David Letterman will be the longest-running host in late night when he retires in 2015, but one thing hasn’t changed at all from the time he started “The Late Show” in 1994: the all-male landscape of late-night television. And judging by the names floated as contenders for Letterman’s slot—Stephen Colbert, Craig Ferguson, Neil Patrick Harris—that isn’t likely to change soon. As Alexandra Petri pointed out in The Washington Post last night, in the history of late-night broadcast television, there have been more hosts named Jimmy than women and people of color. (Cable also just lost its only late-night show hosted by a woman, as Chelsea Handler announced she’s ending her E! talk show.) Looking at the hilarious women across the rest of the TV dial—in sitcoms, Comedy Central shows, and Saturday Night Live—the idea that there are no women funny and likable enough to helm a TV show past 11:30 p.m. is increasingly absurd. There’s a deep bench to choose from, if CBS is willing to make the kind of risky move it did by hiring Letterman in the first place. Here are a few suggestions.
The “Parks and Recreation” actress is one of the best things on Twitter, where she hilariously recaps TV shows to her many followers (current count: 192,000). An experienced stand-up comic, Retta could inject the traditional late-night format—monologue, celebrity interviews, musical guests—with a new, charismatic spirit. Like Fallon, she’s a pop culture enthusiast. (Unlike Fallon, she’s also a trained opera singer.) And if she takes her ribald TV commentary to late night, the show might turn into a funnier, CBS-centric version of Bravo’s “Watch What Happens Live.”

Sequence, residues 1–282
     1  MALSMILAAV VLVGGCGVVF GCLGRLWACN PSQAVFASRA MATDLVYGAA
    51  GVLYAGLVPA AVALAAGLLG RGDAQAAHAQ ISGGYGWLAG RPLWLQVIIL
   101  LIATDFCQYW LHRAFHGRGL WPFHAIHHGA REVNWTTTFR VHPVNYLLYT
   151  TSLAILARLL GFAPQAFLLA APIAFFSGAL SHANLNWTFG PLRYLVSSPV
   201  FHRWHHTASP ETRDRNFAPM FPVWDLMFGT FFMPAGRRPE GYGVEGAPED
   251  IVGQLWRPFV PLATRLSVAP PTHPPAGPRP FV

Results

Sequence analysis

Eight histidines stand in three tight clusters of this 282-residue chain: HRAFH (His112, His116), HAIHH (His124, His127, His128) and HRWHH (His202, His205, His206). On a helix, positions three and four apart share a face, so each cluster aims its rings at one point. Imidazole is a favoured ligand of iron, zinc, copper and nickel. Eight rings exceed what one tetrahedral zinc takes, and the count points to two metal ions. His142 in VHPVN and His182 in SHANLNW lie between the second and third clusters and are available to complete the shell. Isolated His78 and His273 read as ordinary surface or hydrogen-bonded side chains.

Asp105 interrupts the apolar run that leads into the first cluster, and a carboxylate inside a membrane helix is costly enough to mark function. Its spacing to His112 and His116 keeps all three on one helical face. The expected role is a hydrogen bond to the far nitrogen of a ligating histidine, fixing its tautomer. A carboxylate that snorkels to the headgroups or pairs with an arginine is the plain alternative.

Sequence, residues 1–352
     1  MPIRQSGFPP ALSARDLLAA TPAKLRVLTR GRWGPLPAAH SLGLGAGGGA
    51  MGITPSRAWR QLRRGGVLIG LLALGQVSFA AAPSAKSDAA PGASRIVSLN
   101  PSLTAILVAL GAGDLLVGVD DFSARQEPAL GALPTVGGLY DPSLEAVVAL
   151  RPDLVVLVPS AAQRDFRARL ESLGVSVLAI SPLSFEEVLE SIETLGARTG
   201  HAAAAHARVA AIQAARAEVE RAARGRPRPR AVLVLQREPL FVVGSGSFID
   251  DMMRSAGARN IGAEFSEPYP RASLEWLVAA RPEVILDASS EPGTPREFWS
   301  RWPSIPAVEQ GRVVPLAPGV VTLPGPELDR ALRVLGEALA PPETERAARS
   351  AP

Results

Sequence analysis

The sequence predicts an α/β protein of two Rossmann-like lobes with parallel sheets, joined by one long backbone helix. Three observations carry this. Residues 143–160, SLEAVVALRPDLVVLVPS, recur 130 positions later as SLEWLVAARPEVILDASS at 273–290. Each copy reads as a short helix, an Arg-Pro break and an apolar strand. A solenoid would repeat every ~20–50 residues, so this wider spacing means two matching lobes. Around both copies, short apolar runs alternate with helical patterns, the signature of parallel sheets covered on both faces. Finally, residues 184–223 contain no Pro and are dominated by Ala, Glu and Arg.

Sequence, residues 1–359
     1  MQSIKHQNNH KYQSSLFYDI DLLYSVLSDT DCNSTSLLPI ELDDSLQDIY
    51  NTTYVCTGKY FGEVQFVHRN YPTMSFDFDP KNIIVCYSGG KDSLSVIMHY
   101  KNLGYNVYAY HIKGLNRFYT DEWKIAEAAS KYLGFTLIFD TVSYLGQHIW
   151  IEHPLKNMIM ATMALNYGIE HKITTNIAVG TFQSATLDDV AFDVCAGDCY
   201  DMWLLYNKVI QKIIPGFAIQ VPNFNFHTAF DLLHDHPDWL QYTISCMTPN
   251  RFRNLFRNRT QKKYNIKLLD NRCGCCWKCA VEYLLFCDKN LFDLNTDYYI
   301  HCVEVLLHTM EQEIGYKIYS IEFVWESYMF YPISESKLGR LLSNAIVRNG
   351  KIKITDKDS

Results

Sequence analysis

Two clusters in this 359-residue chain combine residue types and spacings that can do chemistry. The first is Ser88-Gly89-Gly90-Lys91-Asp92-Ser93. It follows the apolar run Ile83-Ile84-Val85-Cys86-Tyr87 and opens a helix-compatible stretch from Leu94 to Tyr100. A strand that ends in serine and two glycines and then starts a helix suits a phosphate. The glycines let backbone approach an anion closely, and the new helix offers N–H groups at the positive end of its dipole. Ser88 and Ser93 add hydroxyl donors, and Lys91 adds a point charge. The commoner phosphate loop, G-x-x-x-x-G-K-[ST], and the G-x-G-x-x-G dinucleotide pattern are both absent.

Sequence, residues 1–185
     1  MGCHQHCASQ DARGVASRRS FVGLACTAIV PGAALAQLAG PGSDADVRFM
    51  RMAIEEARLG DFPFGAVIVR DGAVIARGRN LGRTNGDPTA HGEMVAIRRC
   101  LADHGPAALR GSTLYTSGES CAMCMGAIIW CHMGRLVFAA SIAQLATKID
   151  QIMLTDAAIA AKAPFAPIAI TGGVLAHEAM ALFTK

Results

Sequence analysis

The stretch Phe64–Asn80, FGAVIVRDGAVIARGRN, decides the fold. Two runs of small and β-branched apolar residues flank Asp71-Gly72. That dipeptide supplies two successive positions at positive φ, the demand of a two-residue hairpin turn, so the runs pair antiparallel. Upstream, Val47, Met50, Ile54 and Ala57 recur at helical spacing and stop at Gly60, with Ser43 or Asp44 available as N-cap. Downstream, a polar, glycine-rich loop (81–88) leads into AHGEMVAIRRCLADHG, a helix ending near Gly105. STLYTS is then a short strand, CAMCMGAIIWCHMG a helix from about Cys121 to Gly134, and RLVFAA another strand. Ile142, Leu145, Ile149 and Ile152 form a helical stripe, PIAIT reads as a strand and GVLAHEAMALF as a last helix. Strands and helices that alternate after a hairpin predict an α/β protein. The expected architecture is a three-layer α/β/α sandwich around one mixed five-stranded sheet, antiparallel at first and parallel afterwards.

Tina Fey and Amy Poehler
It’s hard to imagine CBS convincing either one of these SNL alums to abandon their budding comedy empires for the relentless grind of a nightly talk show. But what if they tag-teamed it? “The Late Show with Tina and Amy”: They could split the workload, take nights off, and welcome America into their irresistible friendship.
This former “Talk Soup” host has basically spent her career preparing for a late-night gig: honing her TV persona on CBS’s knockoff of “The View”; practicing her improv skills as host of “Who’s Line is It Anyway”; and showcasing her empathetic interviewing style on her podcast, “Guy on Girl.” She’s geeky, gorgeous, and smart, with enough gravitas to interview presidential candidates, not just slow-jam with them.
So the chance that CBS will hire a dry, deadpan lesbian best known for joking about cancer is pretty slim. But Notaro’s disarming bluntness and Andy Kaufman-esque absurdism, which have given her a cult following, leave it impossible to predict what she would do with an hour on broadcast television every night. A girl can dream.